A first step


The Oak Creek Town Board deserves praise for admitting it needs help. The town has gone too long without a full-time administrator and has suffered because of it. Grants have not been pursued; time has been wasted at Town Board meetings; long-range planning has not been done; financial documents have fallen into disarray.

A quality town manager will more than pay for his or her salary, and we don't mean that in any abstract sense. Rather, the return will be in concrete terms because the town manager will be able to go after thousands and thousands of dollars available in grants. Too often, the town fails to pursue that kind of outside funding because of a lack of information, a lack of expertise and a lack of time.

Because of the real financial return the town can expect from its manager, who also will be the town treasurer, the board should not be too tight with the compensation it plans to offer. The clichhat you get what you pay for applies here.

Hiring a town manager shouldn't be seen as an expenditure by the town, but as an investment in the town. A proper selection process should be used to ensure that a quality candidate is selected. Once such a person is hired, he or she will provide the stability and continuity that is now lacking in the governance of the town.

Oak Creek, like other towns in the county, struggles to find enough people to fill its Town Board. The dedicated volunteers who hold the seats now deserve to have a full-time manager working for them. It's hard enough for them to give their time to the town and that difficulty is only compounded by the lack of a town manager.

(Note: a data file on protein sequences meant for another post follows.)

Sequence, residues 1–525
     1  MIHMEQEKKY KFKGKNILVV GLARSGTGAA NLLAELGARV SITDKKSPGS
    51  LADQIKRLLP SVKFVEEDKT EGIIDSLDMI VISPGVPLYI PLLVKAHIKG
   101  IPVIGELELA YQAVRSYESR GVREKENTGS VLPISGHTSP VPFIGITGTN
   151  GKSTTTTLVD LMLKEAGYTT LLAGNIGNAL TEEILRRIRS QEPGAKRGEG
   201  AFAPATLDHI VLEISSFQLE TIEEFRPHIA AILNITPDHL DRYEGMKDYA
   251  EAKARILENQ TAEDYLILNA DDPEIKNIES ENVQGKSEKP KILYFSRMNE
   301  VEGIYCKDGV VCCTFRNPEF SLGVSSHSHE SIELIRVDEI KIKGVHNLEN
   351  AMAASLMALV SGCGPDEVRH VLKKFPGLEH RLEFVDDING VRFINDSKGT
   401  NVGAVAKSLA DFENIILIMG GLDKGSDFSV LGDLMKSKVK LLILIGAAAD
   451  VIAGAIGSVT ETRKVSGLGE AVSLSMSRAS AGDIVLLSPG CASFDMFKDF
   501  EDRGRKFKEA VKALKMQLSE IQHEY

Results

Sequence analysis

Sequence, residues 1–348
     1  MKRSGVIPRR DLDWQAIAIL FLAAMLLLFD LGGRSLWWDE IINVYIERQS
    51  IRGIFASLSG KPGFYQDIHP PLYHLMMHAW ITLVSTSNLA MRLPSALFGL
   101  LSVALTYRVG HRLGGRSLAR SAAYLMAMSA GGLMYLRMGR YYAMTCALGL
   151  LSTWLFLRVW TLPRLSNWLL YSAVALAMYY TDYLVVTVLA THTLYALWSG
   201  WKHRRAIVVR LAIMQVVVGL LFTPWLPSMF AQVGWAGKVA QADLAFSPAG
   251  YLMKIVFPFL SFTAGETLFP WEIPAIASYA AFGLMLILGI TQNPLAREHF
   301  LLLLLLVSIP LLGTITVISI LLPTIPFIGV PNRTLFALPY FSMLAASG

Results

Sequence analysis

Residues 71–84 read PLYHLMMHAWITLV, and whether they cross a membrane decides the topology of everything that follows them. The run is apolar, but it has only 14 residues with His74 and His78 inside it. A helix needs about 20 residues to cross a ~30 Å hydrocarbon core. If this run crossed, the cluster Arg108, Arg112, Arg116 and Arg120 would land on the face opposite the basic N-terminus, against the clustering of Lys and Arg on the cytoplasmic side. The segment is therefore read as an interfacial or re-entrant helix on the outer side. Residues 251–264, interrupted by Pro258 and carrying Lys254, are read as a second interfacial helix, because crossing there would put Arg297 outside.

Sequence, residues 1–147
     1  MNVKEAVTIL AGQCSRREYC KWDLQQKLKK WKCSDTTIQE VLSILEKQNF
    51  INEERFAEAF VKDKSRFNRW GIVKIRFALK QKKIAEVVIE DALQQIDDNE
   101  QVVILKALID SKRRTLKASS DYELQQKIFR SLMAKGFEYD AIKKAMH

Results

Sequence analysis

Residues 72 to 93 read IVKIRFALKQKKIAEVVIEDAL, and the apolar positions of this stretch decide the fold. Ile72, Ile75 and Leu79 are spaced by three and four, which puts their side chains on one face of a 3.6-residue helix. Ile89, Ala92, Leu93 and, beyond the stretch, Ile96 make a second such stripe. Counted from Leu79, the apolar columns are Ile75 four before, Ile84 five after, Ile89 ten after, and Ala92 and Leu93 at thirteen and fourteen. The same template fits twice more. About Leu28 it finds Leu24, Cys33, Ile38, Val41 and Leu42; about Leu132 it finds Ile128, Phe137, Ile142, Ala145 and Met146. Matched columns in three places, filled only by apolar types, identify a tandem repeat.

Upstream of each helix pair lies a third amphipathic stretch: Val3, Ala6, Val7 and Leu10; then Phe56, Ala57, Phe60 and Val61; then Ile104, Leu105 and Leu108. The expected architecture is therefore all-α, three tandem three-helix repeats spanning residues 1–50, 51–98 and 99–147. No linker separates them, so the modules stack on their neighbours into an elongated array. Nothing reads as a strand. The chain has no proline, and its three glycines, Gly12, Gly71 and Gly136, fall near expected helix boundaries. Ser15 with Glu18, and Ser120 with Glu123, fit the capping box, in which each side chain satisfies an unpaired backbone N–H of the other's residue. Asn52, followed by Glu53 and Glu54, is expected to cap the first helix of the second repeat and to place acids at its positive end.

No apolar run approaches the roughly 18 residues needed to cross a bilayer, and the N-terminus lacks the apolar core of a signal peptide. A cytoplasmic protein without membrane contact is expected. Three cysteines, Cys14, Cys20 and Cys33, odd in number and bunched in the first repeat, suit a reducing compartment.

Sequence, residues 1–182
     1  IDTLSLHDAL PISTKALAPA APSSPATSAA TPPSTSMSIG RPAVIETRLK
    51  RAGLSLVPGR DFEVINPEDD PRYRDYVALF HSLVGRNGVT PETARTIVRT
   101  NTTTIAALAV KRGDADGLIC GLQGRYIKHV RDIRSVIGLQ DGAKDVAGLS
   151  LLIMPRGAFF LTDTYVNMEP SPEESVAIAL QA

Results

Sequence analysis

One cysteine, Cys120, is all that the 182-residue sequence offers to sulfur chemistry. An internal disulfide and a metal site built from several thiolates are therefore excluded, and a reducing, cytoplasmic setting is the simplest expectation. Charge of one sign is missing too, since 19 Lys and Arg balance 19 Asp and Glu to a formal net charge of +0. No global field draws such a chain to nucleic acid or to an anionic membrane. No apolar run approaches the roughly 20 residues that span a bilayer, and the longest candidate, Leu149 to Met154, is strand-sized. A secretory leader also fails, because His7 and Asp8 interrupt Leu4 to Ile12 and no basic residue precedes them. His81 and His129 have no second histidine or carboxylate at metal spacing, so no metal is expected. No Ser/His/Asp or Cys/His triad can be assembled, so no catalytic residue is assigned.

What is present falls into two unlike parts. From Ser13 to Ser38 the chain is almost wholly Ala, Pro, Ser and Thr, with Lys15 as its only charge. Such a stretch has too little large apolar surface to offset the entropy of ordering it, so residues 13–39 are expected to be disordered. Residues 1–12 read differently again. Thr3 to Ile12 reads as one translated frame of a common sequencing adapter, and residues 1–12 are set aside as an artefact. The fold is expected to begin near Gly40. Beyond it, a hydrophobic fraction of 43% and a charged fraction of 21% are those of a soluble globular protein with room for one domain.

For example, complaints from Oak Creek residents are now, for the most part, taken directly to the Town Board, which has difficulty quickly responding if it can at all. A town manager would change that. He or she could listen to the concerns of residents the day they come up and react immediately, or direct another town employee to react.

Another obvious benefit of a town manager would be that person's ability to provide day-to-day leadership that would undoubtedly increase employee satisfaction and productivity.

The current Town Board has done well to recognize, officially, the need for a town manager. Oak Creek has grown to the point where such an administrator is needed. A story in the Invest section of this week's issue describes Oak Creek's real estate market as robust, meaning more people are moving there. Growth is inevitable and means increasing pressure on the town to provide services.

A town manager is a worthwhile investment for Oak Creek and one that should be done right.


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